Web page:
Yamaha Yamaha MT-125 (2020) review

Yamaha MT-125 (2020) review

We spent a day testing the new 2020 Yamaha MT-125 in and around London, here’s what we found out

FOR 2020, the Yamaha MT-125 has undergone its biggest overhaul since it was introduced in 2014. The engine is cleaner, features VVA technology and the styling has been heavily revised to make the learner legal challenger from Yamaha sharper and better looking than ever before.

The most noticeable change to the MT-125 is the new styling, bringing thew £4,524 machine inline with its bigger siblings in the MT range. The new look is coupled with a raft of new and fresh looking colourways, all of which add up to one of the most attractive learner-legal naked on the market.

Yamaha MT-125 video review

The headlight is now an all-LED unit, with dual headlights that give the bike an aggressive, sporty look. The rest of the styling, from the side panels to the seat unit, is all well thought out and nicely finished.


Mechanically the new bike bears little resemblance to the outgoing model, with an all new Variable Valve Actuation (VVA) system smoothing out the delivery, bosting mid-range and top-end power. Maxin out at a learner legal 15bhp, the MT-125 gets down the road well, having enough poke to beat most of the traffic away from the lights and it’ll easily cruising at 65 to 70mph. With 8.4lb-ft of torque on offer, the Yamaha isn’t the torquiest machine out there, although the gears are perfectly spaced and make the most of everything the bike has on offer.

Another update for 2020 is an assisted slipper clutch, a fantastic addition for a new rider honing their craft. The change is nice and direct although the lever has a fairly long throw and makes the rider shift up using their instep rather than the tip of their toe. With the new clutch comes a super-light lever, that really only needs one finger to snick through the gears.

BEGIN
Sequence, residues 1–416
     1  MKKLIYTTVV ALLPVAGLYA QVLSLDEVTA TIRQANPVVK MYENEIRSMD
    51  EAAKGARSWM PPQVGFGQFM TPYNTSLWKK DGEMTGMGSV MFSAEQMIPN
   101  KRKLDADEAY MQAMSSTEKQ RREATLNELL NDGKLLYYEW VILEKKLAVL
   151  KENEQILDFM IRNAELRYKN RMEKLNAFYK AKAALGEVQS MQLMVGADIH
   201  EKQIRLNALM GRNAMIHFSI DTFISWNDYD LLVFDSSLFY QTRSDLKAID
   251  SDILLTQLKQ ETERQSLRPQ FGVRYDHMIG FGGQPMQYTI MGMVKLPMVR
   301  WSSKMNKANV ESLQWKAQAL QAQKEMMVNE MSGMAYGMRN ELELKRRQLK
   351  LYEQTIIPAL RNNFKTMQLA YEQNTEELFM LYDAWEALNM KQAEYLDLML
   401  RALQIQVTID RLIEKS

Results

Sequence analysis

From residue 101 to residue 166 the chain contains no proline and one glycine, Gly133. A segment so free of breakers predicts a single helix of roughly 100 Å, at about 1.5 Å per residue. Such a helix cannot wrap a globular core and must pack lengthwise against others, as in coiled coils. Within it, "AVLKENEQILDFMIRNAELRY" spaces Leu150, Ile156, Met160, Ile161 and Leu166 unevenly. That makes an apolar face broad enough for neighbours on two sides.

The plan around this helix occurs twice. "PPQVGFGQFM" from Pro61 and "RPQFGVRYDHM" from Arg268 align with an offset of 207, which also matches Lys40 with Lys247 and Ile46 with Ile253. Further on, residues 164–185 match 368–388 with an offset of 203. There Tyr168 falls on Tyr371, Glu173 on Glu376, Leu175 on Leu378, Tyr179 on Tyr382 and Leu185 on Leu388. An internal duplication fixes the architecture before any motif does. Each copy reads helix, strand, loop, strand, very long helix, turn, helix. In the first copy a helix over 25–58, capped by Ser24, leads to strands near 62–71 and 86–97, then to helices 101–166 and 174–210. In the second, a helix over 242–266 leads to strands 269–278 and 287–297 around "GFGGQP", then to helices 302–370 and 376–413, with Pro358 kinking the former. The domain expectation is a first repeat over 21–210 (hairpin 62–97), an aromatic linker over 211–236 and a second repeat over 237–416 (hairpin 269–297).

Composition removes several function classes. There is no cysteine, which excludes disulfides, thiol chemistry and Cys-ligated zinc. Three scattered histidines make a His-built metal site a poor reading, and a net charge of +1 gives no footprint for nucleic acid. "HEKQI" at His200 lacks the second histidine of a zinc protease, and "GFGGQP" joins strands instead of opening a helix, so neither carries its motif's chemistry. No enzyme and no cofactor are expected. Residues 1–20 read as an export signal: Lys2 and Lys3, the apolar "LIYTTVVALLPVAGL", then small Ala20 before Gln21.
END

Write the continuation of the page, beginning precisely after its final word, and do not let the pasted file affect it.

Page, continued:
Chassis and handling

As the bike shares much of its chassis design with the YZF-R125 sports bike, the handling dynamics of the machine are very sporty. It drops into turns in the blink of an eye and features some nicely setup non-adjustable USD forks that while not the plushest on the road, do provide a stable base to work from and excellent feedback to the rider.

The braking system to is top notch, with a beefy four-pot caliper up front biting down on a large 292mm disc. Two-channel ABS keeps everything pointing the right way and the feel, bite and power of the front brake are all excellent. The back is a little vague, although provides enough bite to help out when moving the bike around slowly.

The day spent in the saddle of the machine intentionally took the bike from Woking right into the heart of London. The thought was we could test the bike on some juicy backroads, plenty of dual carriageway and also in the bustle of the nation’s capital.

Cleary the bike was more at home on the B-roads and city than it was on the dual carriageway, although it is more than happy to sit at high speed for great lengths of time. It does though excel on a twisty road, focussing the rider on their gear changes, braking points and corner exits, all of which help make the MT-125 a very enthralling machine to hustle through the countryside.